C.3 Sacred to Death: On Horror, Art, and Colonialism

C.3 Sacré peur: horreur, art, et colonialisme

thu Oct 21 / jeu 21 oct / 9:00 – 10:30 PDT
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  • Émilie von Garan, University of Toronto

Taking the relationship between horror cinema and contemporary art as a point of departure, this double panel session explores the porous interstice at the intersection of horror theory, art theory, and art criticism. Specifically looking to the ways in which horror tropes such as the return of the repressed, the uncanny, misrecognition, spectralisation, possession, and dispossession, as well as the transgression of borders and boundaries resonate with the post- and the de-colonial, this session invites reflections on the shared aesthetic, structural, and conceptual strategies between art and horror. It asks: What can be said of the profound influence of horror cinema on contemporary art and artistic practices? Can horror be conceived of as a theoretical perspective? Can horror aid in reassessing how museums, galleries, and universities research, collect, exhibit, and teach? Presenters will explore these questions as they relate to research practices, film and moving image art, exhibition, and more.

Émilie von Garan is a bilingual Toronto-based critical writer and researcher exploring the intersection of the body, technologies, and architecture in film and moving image art. She received her Bachelor of Arts from Concordia University in Montreal and holds a Master of Arts from Toronto's OCAD University. She is now a PhD Candidate in Film Studies at the University of Toronto. Her interests include continental philosophy, horror theory, art criticism, and the ways in which art and horror share aesthetic, structural, and conceptual strategies. Her dissertation explores the instability of the gaze in post-war Italian cinema through the works of filmmakers Michelangelo Antonioni and Dario Argento.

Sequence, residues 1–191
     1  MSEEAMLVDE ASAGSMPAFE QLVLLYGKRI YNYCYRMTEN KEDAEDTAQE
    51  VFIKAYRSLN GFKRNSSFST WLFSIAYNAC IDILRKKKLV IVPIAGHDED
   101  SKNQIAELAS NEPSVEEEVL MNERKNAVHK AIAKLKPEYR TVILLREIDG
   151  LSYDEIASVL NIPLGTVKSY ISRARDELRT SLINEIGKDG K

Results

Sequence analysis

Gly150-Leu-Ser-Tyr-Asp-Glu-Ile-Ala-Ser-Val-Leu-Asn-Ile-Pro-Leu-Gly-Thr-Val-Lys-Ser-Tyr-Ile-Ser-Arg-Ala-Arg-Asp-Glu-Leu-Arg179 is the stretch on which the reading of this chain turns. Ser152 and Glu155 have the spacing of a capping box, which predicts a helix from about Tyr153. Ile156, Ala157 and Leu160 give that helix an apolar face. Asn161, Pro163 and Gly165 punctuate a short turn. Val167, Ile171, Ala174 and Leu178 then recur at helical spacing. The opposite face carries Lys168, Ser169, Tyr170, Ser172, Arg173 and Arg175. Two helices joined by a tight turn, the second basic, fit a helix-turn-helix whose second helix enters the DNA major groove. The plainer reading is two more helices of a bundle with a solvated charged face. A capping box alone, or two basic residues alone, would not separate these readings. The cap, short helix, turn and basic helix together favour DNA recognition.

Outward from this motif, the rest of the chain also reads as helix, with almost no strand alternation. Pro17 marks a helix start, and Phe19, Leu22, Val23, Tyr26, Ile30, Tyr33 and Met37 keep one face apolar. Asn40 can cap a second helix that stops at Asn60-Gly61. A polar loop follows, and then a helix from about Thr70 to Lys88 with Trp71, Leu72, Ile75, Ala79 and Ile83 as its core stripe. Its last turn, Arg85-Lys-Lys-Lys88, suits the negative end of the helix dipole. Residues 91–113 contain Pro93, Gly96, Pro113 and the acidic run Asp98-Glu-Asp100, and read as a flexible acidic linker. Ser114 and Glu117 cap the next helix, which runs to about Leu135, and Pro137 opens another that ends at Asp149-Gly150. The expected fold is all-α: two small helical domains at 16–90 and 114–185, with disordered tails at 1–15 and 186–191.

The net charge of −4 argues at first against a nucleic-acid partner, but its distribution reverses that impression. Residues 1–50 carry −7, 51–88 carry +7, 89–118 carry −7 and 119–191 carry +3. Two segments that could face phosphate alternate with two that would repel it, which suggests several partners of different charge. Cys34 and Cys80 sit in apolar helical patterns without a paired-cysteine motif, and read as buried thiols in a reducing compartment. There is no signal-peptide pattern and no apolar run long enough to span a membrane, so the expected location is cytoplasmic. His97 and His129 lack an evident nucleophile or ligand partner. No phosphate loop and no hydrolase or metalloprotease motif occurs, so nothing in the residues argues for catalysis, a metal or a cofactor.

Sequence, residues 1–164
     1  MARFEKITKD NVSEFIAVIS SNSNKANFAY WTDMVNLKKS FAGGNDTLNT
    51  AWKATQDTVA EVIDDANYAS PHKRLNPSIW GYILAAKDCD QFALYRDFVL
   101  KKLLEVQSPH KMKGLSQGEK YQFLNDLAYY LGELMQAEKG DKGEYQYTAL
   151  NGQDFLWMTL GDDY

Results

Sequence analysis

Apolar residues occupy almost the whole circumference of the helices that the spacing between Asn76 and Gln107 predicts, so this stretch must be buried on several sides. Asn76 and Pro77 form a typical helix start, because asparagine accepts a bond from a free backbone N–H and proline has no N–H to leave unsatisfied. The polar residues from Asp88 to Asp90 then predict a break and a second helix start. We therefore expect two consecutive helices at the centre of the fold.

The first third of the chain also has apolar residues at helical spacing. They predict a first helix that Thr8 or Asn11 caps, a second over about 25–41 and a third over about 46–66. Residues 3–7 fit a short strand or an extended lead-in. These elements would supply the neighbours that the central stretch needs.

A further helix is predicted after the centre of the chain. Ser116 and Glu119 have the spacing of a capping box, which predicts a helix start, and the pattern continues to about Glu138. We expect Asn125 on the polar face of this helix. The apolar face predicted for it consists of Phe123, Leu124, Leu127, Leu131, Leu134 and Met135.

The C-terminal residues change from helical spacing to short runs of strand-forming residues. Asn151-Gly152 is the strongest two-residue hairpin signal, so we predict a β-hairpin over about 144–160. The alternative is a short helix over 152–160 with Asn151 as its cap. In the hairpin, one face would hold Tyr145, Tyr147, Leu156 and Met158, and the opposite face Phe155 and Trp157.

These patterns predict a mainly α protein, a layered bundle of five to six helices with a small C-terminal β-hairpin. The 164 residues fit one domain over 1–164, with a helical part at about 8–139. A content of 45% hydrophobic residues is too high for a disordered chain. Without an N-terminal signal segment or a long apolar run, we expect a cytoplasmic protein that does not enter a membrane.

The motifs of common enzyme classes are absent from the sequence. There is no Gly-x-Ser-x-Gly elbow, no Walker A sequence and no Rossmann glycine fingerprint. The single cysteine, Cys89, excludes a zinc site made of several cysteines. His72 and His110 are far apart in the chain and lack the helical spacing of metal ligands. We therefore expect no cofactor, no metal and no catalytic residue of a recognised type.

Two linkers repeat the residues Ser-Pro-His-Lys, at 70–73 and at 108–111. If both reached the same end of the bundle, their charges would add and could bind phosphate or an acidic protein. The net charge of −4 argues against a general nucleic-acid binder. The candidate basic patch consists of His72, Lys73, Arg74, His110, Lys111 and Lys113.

C.3.1 Decolonial Horror in Stan Douglas's Le Détroit

Miriam Jordan-Haladyn, OCAD University

The social conditions that underlie urban decay are the focus of Stan Douglas' 2001 black and white film installation Le Détroit and the accompanying 25 colour C-print photographs that make up this project. In the synchronized two-track looped film installation, the character Eleanoree, like a spectre, endlessly breaks into an abandoned house in Detroit's notorious Black ghetto Herman Gardens and searches through the decaying detritus. Douglas makes reference to two horror novels in this work: Shirley Jackson's 1959 The Haunting of Hill House and Marie Hamlin's 1883 Legends of Le Détroit. Douglas' photographs are completely devoid of people and document the aftermath of the flight of Detroit's white middle class to the suburbs, while unveiling the trauma of the 1943 race riots and the 1967 Detroit riot. This paper examines the role of horror in Douglas' Le Détroit, specifically by exploring the horror tropes of the return of the repressed in relation to questions of race and class.

Miriam Jordan-Haladyn is a First Nations writer, artist, and scholar. She's the author of Groundwork for a Haudenosaunee Philosophy (2020) and Dialogic Materialism: Bakhtin, Embodiment and Moving Image Art (2014), as well as numerous writings on contemporary art and Indigenous cultural history. With Julian Haladyn, she curated Ways of Being: Yhonnie Scarce and Michael Belmore (2019–20) and The Films and Videos of Jamelie Hassan (2010). Currently, Jordan-Haladyn teaching courses in art history at OCAD University.

C.3.2 Marisol's Babies, Nuclear Giants, and Other Monsters

Delia Solomons, Drexel University

In the early 1960s, hot on the heels of a boom of horror and sci-fi films about nuclear giants and brainwashing invaders, Marisol created two sculptures of colossal, eerie toddlers. The 7-foot-tall Baby Boy (1962–63) and Baby Girl (1963) appear to be some monstrous progeny of The Amazing Colossal Man (1957) or the betrayed lead in Attack of the 50-ft Woman (1958), with the creepy stasis and posture of the children in Village of the Damned (1960). Marisol taps into recent horror and sci-fi to convey certain realities of a life with children. Her baby Gargantua reflects the enormity of childcare, which consumes extraordinary time, labour, and mental/emotional space. Each sculpture grasps a Marisol-headed doll — a diminutive version of their mother/creator — reflecting the relinquishment of independence and agency that midcentury motherhood seemed to demand. Marisol never had children and in these sculptures expresses specific anxieties about that prospect.